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Dolphins can pick up new hunting skills from non-family members just like great apes

Dolphins can pick up new hunting skills from non-family members just like great apes — and don’t always need mum to teach them the ropes, a study has found.

Biologists watched dolphins off of the Australian coast pick up a hunting technique — involving shaking hidden prey out of discarded shells — by mimicking each other.

Learning outside of the mother–calf bond — so-called ‘horizontal transmission’ — has never been seen in dolphins before, although it is common in gorillas and humans.

Dolphins can pick up new hunting skills from non-family members just like great apes — and don't always need mum to teach them the ropes, a study has found. Pictured, a dolphin in Western Australia's Shark's Bay shakes a fish out of the shell it was hiding in

Dolphins can pick up new hunting skills from non-family members just like great apes — and don’t always need mum to teach them the ropes, a study has found. Pictured, a dolphin in Western Australia’s Shark’s Bay shakes a fish out of the shell it was hiding in

Biologists watched dolphins off of the Australian coast pick up a hunting technique — involving shaking hidden prey out of discarded shells — by mimicking each other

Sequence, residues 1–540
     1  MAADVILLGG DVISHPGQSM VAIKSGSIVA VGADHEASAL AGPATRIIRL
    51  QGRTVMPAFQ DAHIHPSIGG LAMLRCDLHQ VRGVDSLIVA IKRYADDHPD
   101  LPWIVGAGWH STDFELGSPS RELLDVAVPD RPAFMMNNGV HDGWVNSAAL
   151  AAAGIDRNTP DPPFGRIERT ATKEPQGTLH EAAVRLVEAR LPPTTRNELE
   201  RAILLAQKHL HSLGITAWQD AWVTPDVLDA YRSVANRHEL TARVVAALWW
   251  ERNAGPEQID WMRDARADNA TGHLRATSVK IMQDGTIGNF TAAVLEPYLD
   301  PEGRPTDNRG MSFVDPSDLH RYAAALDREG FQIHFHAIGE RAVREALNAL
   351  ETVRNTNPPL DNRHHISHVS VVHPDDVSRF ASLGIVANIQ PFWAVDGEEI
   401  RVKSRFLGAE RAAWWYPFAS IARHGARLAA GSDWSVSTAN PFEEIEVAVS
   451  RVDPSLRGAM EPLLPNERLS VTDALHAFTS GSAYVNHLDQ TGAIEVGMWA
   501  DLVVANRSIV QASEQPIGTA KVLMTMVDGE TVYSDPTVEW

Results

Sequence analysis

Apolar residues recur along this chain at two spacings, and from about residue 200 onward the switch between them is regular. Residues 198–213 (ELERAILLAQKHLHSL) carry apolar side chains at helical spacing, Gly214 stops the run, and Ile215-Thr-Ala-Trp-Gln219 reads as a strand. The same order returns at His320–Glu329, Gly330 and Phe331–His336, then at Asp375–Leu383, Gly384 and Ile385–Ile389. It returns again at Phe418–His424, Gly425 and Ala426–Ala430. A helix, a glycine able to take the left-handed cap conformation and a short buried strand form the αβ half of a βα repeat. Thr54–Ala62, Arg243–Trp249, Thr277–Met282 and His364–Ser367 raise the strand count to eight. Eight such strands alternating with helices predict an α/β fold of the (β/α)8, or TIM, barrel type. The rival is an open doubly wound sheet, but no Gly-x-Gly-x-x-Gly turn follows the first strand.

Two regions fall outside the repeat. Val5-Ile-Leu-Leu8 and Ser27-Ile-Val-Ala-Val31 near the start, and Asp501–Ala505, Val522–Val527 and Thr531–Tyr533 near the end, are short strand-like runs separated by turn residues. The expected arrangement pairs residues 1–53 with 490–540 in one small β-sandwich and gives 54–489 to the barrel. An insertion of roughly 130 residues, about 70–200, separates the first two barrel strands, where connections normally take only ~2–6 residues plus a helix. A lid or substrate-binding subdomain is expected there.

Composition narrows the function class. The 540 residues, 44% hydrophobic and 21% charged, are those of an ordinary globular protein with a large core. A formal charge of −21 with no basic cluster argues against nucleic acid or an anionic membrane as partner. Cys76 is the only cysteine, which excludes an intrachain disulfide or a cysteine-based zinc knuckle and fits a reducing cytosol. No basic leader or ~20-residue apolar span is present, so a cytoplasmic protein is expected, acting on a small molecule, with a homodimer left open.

Biologists watched dolphins off of the Australian coast pick up a hunting technique — involving shaking hidden prey out of discarded shells — by mimicking each other








‘These results were quite surprising as dolphins tend to be conservative, with calves following a “do-as-mother-does” strategy for learning foraging behaviours,’ said paper author and biologist Sonja Wild of Leeds University.

‘However, our results show that dolphins are definitely capable — and in the case of shelling, also motivated — to learn foraging tactics outside the mother-calf bond.’

In their study, Dr Wild and colleagues carried out boat-based surveys of dolphins in Western Australia’s Shark’s Bay — where they witnessed the creatures using a foraging technique called ‘shelling’.

This is used by dolphins to get at prey that has hidden from them in giant empty sea snail shells that can be found on the seafloor.

The mammals carry the shells to the surface using their beaks before shaking the trapped fish out of the hiding place and into their mouths.

The team monitored more than 1,000 dolphins during their study, witnessing over 40 shelling incidents in total.

These were seen to be performed by just under 20 individuals between the years 2007–2018 — although the team said this is likely an underestimation of how often the technique is used, given how quick and hard to see the shelling process is.

Hunting techniques like this are usually passed down from one generation to the next by the dolphin’s mother, in a process dubbed ‘vertical social transmission’.

However, the researchers found that the dolphins in Shark’s Bay’s appeared to be able to learn the technique from unrelated dolphins — an approach experts refer to as ‘horizontal transmission’.

In their study, Dr Wild and colleagues carried out boat-based surveys of dolphins in Western Australia's Shark’s Bay — where they witnessed the creatures using a foraging technique called 'shelling'. This is used by dolphins to get at prey that has hidden from them in giant empty sea snail shells that can be found on the seafloor. The mammals carry the shells to the surface using their beaks before shaking the trapped fish out of the hiding place